Gene Preuss (University of Houston – Downtown)

Many college and university students take Texas history courses as part of their teacher certification program and training. While textbook publishers and, by extension, faculty have embedded pedagogical and anagogical learning tools into the classroom environment by infusing study aids into the textbook, this is not true for Texas history texts. Instead, Texas history texts tend to be insular and ignore larger national and international events, even when they directly influence the history of the state.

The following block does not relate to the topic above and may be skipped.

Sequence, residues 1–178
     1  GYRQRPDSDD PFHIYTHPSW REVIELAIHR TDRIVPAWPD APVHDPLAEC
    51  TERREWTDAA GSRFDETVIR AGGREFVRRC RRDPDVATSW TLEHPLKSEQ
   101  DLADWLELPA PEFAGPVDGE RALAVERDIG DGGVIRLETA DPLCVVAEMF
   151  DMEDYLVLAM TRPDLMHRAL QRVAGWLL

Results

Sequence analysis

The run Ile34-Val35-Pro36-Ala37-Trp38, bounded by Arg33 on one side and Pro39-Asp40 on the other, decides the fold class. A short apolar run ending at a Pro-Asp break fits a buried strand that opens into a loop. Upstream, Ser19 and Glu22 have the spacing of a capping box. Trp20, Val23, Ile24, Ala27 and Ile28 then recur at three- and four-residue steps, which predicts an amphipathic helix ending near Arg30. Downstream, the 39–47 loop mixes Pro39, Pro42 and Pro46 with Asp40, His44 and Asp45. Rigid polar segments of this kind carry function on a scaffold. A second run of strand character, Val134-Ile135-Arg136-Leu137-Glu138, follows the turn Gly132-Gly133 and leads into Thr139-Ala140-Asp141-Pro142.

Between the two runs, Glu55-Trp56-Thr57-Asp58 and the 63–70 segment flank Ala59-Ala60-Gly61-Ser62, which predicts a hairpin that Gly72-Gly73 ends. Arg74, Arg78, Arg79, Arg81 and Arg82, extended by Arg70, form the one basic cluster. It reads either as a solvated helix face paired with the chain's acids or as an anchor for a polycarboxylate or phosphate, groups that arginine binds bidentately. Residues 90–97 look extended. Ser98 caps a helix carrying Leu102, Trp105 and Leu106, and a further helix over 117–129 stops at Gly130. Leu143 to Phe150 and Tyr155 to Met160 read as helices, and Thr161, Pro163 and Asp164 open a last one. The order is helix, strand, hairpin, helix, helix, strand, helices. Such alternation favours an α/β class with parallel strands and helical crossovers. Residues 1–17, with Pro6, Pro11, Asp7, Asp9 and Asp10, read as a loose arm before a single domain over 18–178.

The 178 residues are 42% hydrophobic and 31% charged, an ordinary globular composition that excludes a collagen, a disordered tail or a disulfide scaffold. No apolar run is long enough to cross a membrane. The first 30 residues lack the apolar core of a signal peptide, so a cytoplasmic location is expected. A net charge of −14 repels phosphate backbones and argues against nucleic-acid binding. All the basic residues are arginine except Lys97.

Moreover, there is little effort in the Texas history texts to tie skills that are expected of teachers, including examination and evaluation of primary source documents. Finally, even in the better textbooks, there is more emphasis on the sixty-year period between 1830 and 1890 than on the twentieth century, or any other period. In sum, the Texas history course does little to prepare future teachers to teach social studies. This project has two phases: First, conduct a survey of secondary history teachers and college-level history faculty to determine whether college-level history courses prepared social studies teachers with the skills needed in the middle- and high-school classroom.